The walls may be closing in on former President Donald Trump as the investigation in Fulton County, Ga., continues to progress.
According to Citizens for Responsibility and Ethics in Washington (CREW), Fulton County District Attorney Fani Willis’ is moving closer toward indicting the former president in connection to his infamous call to Georgia Secretary of State Brad Raffensperger (R).
Per CREW's Brie Sparkman, "the special purpose grand jury has reportedly heard testimony from crucial witnesses, including Secretary of State Brad Raffensperger, Trump’s personal lawyer Rudy Giuliani, former national security advisor Michael Flynn, Senator Lindsey Graham, former White House aide Cassidy Hutchinson, and former Trump Chief of Staff Mark Meadows."
According to Sparkman, Trump is at the center of a string of alleged crimes that are both election-related and non-election related. Some of the potential charges include solicitation to commit election fraud, making false statements, and potential violations of Georgia’s RICO Act.
Sparkman also explained the basis of the investigation and the allegations against Trump.
"Trump is alleged to have repeatedly lied about the 2020 election to Georgia officials and to have used that misleading conduct, as well as intimidation and threats, to push them to change the election outcome," Sparkman wrote. "Trump may have committed the crime of false statements and improperly influencing government officials when he repeatedly told Raffensperger that he won the election as well as when he listed numerous inaccuracies and falsehoods about the election."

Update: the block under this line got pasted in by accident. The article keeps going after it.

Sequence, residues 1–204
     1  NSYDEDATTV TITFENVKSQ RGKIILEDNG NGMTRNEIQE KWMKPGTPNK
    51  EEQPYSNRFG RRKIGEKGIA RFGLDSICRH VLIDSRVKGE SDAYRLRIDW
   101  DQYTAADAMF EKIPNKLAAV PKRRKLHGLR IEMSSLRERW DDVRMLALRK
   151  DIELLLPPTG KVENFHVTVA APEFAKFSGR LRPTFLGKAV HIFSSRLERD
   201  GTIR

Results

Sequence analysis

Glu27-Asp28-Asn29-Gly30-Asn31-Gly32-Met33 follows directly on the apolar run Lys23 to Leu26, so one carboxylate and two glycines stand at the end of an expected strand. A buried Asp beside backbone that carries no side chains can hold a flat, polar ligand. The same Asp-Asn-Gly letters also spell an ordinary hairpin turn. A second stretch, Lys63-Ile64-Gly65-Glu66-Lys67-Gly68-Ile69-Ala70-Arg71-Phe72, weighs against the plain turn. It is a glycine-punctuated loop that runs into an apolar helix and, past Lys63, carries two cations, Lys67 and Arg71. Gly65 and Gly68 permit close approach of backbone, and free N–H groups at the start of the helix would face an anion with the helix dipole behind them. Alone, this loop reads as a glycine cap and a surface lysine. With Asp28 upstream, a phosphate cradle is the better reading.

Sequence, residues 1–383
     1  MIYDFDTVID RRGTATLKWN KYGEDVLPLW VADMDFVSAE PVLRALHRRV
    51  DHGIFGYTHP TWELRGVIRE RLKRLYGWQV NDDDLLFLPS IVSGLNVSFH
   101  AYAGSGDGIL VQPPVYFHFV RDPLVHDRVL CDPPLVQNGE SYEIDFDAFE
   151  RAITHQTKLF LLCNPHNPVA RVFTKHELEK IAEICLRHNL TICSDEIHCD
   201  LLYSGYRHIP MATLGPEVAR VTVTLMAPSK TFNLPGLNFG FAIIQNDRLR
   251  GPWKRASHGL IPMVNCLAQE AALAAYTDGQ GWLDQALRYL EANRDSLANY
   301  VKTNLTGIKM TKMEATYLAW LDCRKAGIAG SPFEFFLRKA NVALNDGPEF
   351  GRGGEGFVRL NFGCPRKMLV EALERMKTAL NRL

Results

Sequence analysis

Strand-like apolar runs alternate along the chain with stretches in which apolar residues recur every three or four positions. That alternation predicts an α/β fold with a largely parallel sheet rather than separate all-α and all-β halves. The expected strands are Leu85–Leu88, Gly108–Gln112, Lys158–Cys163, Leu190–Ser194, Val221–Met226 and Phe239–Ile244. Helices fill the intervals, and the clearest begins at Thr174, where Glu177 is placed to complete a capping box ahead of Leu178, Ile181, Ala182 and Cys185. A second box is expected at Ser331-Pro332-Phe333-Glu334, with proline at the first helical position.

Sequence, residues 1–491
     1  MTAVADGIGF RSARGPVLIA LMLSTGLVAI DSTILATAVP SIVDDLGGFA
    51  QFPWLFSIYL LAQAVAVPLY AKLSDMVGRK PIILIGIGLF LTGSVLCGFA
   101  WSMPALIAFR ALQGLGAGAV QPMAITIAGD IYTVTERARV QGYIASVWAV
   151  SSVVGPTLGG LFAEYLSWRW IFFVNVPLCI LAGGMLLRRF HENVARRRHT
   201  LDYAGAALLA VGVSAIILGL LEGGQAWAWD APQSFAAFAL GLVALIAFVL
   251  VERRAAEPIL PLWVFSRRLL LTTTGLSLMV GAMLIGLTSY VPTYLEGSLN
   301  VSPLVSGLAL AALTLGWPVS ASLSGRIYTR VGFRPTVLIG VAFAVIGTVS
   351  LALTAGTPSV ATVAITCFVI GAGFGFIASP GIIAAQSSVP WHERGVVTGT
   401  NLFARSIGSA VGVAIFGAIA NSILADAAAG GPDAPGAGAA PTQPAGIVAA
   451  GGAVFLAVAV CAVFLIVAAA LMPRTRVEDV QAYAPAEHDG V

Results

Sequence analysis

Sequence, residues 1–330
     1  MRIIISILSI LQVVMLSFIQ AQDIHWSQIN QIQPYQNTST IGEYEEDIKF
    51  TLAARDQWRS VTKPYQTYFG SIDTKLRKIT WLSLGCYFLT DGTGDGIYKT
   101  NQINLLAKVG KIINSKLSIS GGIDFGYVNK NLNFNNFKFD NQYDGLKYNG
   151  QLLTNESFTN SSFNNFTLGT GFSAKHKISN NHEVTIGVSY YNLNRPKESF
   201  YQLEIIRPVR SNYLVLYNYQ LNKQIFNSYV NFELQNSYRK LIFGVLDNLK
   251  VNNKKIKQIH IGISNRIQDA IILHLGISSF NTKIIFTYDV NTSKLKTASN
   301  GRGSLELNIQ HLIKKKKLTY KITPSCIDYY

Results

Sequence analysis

To face charges, Sparkman pointed out that there also has to be a "'pattern' of misconduct as shown by violations of two or more specified crimes, including the false statements or improper influence crimes mentioned above."
Sparkman noted that legal experts believe there is a consistent enough pattern for Trump to face indictments due to his "repeated calls to election officials, false statements, and alleged coordinated attempts to provide fraudulent electoral certificates."
Despite Trump's repeated attempts to wave off the severity of the investigations he's facing, Sparkman argued that it is "very likely" the former president will "be charged with multiple crimes in Georgia."
He added, "While he may try to raise specious defenses, like claims of his immunity or bias on the part of prosecutors, they are unlikely to – and should not – succeed. No one is above the law, not even Donald Trump."